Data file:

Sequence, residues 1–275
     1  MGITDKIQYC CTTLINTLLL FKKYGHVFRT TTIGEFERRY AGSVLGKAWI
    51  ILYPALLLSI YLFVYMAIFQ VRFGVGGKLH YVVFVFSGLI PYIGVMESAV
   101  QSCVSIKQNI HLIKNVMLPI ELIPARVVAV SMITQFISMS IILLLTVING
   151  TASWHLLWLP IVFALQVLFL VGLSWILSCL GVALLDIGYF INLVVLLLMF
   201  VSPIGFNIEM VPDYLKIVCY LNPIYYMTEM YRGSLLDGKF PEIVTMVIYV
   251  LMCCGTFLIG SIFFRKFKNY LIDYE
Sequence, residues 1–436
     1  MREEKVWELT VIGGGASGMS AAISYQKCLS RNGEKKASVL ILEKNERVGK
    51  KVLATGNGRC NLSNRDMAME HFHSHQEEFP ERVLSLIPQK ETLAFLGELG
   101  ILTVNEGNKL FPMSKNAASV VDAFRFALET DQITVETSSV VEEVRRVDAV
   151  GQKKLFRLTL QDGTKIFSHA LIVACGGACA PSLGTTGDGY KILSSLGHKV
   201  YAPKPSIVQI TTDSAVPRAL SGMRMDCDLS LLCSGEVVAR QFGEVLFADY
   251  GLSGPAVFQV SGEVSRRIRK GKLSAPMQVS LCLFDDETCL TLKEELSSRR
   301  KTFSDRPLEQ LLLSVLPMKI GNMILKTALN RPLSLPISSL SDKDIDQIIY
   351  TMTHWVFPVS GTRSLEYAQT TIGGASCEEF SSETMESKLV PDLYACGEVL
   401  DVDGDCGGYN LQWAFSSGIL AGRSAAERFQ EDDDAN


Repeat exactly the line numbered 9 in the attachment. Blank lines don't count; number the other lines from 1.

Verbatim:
     1  MREEKVWELT VIGGGASGMS AAISYQKCLS RNGEKKASVL ILEKNERVGK